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Mental health

For people who live through terrible events, the psychological consequences can be severe. We provide mental healthcare to help heal these wounds.

The psychological impact of a humanitarian emergency can be severe.

Our teams provide emergency medical aid in catastrophes all over the world — armed conflicts, natural disasters, famines and epidemics.

MSF doctors and nurses are often seen treating physical ailments: bandaging the war-wounded, rehydrating a cholera patient, performing an emergency cesarean section.

But for people who have lived through terrible events, the psychological consequences can be severe.

Worldwide, around one in four people will suffer from a mental health problem during their lifetime, yet around 60 percent will not seek help.

These figures increase dramatically when factors such as violence, persecution, the need to flee, disasters or a lack of access to healthcare are involved.

In 1998, MSF formally recognised the need to implement mental health and psychosocial interventions as part of our emergency work.

Hover over the image below for an interactive guide to mental health

Depression and anxiety

People caught in the wake of a humanitarian crisis can suffer from debilitating depression and anxiety, including conditions such as post-traumatic stress disorder (PTSD). 

Many patients seen by MSF will have been separated from their families or witnessed the deaths of loved ones. Others may have been forced to flee, searching for shelter, supplies and safety. These events can immobilise people with depression and anxiety at just the time when they need to take action for themselves and their families.

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Mental health care is also part of services for HIV/AIDS, tuberculosis, nutrition, sexual violence and during disease outbreaks and disasters.

MSF’s mental healthcare aims primarily to reduce people’s symptoms and improve their ability to function. Often this work is done by local counsellors specially trained by MSF. MSF psychologists or psychiatrists provide technical support and clinical supervision.

When appropriate, MSF’s counselling services may reinforce or complement mental healthcare approaches that already exist in the local community.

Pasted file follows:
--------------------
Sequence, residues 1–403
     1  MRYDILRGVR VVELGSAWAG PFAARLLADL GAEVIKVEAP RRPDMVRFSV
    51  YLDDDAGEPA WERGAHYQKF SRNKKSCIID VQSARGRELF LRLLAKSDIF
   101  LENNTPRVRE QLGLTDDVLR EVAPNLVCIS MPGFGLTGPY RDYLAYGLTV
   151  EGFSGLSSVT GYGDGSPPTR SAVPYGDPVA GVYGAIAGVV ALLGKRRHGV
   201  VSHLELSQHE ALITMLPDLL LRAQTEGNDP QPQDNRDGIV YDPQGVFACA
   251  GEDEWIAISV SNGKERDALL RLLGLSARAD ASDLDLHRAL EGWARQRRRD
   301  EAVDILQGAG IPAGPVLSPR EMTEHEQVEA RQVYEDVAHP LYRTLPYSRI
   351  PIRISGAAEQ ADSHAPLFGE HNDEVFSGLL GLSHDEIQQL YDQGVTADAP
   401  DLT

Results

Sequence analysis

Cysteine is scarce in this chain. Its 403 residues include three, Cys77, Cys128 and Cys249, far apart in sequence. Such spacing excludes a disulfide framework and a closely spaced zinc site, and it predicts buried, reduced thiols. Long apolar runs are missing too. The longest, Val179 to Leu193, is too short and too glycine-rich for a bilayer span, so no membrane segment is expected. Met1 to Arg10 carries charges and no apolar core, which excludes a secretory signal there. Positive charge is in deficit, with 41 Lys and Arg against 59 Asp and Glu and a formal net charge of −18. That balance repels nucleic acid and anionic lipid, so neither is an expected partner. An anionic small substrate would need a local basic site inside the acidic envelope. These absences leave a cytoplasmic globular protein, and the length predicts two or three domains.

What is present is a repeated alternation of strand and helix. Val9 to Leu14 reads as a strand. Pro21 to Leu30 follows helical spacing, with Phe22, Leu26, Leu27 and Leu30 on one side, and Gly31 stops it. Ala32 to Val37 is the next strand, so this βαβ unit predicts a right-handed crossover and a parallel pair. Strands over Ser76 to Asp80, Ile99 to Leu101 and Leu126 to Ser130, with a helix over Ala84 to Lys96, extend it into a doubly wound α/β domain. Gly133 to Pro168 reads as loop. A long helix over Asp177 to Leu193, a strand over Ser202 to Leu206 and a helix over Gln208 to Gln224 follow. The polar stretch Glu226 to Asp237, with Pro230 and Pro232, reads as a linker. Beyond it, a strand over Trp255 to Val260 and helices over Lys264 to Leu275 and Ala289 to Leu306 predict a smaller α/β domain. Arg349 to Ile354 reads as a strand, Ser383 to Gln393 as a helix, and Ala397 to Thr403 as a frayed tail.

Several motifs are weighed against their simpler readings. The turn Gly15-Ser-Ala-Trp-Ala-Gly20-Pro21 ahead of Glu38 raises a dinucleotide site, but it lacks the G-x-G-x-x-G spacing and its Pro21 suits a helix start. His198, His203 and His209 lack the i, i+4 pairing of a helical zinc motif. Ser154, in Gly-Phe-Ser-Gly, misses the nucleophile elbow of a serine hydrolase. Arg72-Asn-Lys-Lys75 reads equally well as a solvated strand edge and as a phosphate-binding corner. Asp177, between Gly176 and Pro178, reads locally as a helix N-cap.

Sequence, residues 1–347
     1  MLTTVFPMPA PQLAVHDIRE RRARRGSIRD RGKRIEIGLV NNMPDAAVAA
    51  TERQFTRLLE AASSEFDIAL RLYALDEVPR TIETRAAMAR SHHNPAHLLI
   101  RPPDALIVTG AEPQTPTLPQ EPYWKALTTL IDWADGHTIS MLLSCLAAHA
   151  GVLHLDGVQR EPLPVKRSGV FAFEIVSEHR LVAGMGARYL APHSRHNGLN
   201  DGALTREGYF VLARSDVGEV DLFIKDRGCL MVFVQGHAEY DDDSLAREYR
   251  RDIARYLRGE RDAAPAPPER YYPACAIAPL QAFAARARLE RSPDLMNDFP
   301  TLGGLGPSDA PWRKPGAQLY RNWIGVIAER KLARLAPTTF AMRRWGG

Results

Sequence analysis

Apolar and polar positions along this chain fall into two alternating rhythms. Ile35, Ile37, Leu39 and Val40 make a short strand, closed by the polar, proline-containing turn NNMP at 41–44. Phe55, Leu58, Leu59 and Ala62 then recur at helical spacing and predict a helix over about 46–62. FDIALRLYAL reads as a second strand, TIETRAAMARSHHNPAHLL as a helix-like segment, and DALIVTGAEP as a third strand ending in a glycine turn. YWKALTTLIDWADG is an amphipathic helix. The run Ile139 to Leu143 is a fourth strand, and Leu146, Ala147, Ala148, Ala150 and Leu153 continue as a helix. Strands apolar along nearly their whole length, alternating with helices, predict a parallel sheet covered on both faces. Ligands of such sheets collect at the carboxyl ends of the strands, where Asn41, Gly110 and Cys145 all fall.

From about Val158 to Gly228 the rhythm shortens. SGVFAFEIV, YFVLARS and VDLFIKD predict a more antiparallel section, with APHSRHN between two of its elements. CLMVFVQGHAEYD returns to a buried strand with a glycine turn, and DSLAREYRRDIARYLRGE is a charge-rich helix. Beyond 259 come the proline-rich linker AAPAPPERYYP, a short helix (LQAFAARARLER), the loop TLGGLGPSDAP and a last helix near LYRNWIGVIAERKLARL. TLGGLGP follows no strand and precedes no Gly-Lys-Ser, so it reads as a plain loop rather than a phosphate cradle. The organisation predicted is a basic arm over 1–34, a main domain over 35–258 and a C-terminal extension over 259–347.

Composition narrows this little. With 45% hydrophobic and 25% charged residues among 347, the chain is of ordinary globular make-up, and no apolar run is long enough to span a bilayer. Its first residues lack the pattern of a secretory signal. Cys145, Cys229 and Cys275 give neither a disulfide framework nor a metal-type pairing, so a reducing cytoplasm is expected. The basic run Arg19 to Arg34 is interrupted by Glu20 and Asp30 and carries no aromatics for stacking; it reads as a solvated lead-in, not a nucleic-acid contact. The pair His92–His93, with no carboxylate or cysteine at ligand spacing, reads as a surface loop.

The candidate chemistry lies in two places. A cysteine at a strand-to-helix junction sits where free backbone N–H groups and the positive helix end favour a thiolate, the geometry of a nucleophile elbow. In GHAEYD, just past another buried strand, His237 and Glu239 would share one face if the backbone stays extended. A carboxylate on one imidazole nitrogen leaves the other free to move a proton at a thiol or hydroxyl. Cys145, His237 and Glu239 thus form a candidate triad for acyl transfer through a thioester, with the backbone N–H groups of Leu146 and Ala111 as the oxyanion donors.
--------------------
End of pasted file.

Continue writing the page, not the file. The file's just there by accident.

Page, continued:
At the same time, specialized clinicians treat severe mental illness. But severe illness accounts for a minority of the cases that MSF sees.

Needs are high, and MSF continues to expand its mental health programs. In 2017, MSF’s mental health teams performed more than 300,000 consultations worldwide.

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Increasing capacity

People seek mental health support for many reasons — the agonizing loss of a child in an earthquake, the trauma of sexual violence, getting caught up in a violent conflict. MSF mental health workers listen to their stories, and help them find ways to cope and continue with their lives.

Being forced from home is a particular problem for people already suffering from mental health problems. They can lose access to existing treatment and routine care, which may cause them to develop further symptoms or more severe conditions.

However, treating severely disturbed people remains a challenge for MSF teams, given the complexity of managing psychiatric medication and medication. Increasing our capacity to treat these illnesses remains a priority for MSF.

Establishing mental health care programmes in emergency situations is not straightforward, especially when violence and trauma may be ongoing, or language and cultural barriers may prevent people from seeking support. Our community outreach teams increasingly play an important part in tackling this.

It is often difficult to guarantee continuity of care in unstable and dangerous settings. However, the needs are high, and MSF continues to expand its mental health programmes.

MSF staff and mental health 

For MSF's emergency response work to be carried out, there is another important issue: the mental health of our staff.

Often away from home for long periods of time, working under pressure and required to process traumatic events, it is vital that humanitarian aid workers are also given the professional support and headspace they need.

Local MSF staff will often come directly from the communities receiving our care. While this is useful for our teams to better understand social and cultural issues, it also means that these staff members are closer to the same traumatic events experienced by our patients. Psychological support is therefore provided for our local staff. 

For international team members, coming home from an assignment is often the time when mental health support becomes the most necessary. Many struggle with the knowledge that, for their patients, returning home may not be an option. However, MSF remains committed to helping our staff re-adapt to their normal routine and process their experiences.

This page was last updated on 1 May 2019

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